Colombo, Feb 1: A senior US government official has insisted the US has no agenda against Sri Lanka but is compelled to take up certain issues.
Visiting US Assistant Secretary of State for South and Central Asian Affairs Nisha Biswal, at a meeting with Sri Lanka’s Minister of External Affairs, G.L. Peiris, said Friday that there is “growing frustration” in the international community due to the fear that Sri Lanka might lose the golden opportunity provided by the end of the conflict to move forward, Xinhua reported.
Peiris said the relentless pursuit of Sri Lanka by the US through the Human Rights Council will lead to polarisation of the communities in the country, which would negatively impact the very delicate process of reconciliation.
The Sri Lankan external affairs ministry quoted him as saying that US action against Sri Lanka has further strengthened the hardliners and there was a very strong perception of a lack of objectivity and impartiality on the part of the US and a woefully inadequate acknowledgment of the developments that have taken place.
Peiris said it was clear that the attention to Sri Lanka by the international community is not due to altruism or moral ethics but motivated by power, money and votes. He added that he was not necessarily referring to the US.
The US government is expected to submit a resolution on Sri Lanka to the UN Human Rights Council in Geneva in March.
The resolution is expected to call for an international investigation into alleged human rights abuses committed during the final stages of the war between the military and the Tamil Tiger rebels.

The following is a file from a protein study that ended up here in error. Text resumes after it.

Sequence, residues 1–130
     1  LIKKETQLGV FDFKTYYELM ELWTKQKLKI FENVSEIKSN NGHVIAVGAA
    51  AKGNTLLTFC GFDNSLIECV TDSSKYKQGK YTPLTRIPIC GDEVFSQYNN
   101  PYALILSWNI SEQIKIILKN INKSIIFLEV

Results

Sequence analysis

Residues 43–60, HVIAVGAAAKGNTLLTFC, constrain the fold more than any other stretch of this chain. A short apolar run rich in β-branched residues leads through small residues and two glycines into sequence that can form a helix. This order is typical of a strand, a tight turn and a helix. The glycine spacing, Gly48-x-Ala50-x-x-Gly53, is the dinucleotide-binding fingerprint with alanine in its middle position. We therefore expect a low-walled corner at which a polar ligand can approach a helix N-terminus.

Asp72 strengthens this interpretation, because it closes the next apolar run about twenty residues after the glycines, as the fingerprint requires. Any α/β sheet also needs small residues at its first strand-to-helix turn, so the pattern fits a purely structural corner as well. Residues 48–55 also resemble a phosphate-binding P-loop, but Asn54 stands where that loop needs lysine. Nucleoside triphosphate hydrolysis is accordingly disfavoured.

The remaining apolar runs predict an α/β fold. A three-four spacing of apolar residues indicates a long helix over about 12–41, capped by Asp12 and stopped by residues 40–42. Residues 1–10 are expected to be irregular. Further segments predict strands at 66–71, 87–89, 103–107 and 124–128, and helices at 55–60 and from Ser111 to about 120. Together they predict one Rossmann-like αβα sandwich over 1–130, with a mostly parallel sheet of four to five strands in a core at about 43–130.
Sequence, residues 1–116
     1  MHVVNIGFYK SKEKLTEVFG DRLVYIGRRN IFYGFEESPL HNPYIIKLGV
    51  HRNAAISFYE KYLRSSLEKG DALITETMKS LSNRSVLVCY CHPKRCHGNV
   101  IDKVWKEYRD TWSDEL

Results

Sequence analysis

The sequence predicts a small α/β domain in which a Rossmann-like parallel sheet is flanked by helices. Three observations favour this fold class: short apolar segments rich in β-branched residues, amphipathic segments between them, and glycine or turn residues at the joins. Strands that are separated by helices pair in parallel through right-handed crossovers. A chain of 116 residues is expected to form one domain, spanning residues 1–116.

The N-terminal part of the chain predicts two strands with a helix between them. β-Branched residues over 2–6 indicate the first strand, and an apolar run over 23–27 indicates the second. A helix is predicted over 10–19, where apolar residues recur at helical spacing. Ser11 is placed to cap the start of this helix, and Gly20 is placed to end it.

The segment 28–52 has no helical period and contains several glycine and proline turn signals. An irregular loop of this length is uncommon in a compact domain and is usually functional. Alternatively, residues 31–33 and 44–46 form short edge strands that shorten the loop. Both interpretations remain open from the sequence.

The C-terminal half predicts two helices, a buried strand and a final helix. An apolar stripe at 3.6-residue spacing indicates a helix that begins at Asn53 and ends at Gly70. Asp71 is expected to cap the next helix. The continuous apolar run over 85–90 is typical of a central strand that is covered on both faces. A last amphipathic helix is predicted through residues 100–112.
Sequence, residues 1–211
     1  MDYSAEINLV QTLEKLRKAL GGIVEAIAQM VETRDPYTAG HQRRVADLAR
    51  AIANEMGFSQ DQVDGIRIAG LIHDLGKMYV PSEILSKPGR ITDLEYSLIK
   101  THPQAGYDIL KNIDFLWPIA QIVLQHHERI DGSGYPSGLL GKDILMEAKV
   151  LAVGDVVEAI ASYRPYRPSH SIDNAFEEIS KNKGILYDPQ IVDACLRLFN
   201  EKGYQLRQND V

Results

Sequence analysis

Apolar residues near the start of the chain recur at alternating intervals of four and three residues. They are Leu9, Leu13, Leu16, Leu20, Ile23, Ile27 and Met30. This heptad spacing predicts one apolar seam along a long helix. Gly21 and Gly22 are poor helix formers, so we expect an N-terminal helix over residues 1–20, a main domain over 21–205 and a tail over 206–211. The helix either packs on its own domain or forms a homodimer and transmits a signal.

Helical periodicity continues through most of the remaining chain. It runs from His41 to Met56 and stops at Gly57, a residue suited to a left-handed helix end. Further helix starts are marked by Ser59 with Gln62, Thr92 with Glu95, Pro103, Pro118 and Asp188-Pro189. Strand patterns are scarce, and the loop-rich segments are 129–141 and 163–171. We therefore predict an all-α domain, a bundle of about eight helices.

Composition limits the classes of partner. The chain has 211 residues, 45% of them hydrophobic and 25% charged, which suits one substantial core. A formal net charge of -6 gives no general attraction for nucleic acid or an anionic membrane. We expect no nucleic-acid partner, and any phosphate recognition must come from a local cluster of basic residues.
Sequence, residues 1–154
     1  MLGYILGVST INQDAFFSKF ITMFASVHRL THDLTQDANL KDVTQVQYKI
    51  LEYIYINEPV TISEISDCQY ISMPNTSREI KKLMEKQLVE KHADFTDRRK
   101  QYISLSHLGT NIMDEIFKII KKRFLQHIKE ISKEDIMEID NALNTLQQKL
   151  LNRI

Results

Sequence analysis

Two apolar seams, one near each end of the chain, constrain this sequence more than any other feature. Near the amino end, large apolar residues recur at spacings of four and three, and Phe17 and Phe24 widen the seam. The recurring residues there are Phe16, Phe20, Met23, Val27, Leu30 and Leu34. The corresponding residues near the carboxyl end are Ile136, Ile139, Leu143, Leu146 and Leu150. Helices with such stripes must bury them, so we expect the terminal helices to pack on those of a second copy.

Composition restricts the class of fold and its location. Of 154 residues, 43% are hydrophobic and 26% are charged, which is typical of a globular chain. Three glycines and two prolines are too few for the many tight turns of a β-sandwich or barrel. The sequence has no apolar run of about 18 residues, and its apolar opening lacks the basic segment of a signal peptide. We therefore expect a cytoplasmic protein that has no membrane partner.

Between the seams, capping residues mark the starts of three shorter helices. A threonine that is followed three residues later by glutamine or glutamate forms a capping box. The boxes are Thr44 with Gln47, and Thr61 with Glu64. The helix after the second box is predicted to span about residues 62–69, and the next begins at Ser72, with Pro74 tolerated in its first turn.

Biswal will remain in the country till Feb 2 and have discussions with government and opposition members and officials.
Following her Sri Lanka visit, Biswal will travel to London for meetings with officials from the British government Feb 3. Britain is to co-sponsor the resolution on Sri Lanka at the UN Human Rights Council in March.
The US State Department said Biswal would also travel to Geneva for meetings regarding the US intention to sponsor the resolution on Sri Lanka in the March session of the UN Human Rights Council.
The resolution will build upon previous resolutions in 2012 and 2013 and will urge Sri Lanka to do more to promote reconciliation, justice and accountability in the wake of the civil conflict, the US State Department said.
Sri Lanka has been accused of failing to address alleged human rights violations during the final stages of the war against the Tamil Tiger rebels.
The rebels were defeated in May 2009 but human rights groups alleged that thousands of civilians were also killed in the process, an allegation the government denies.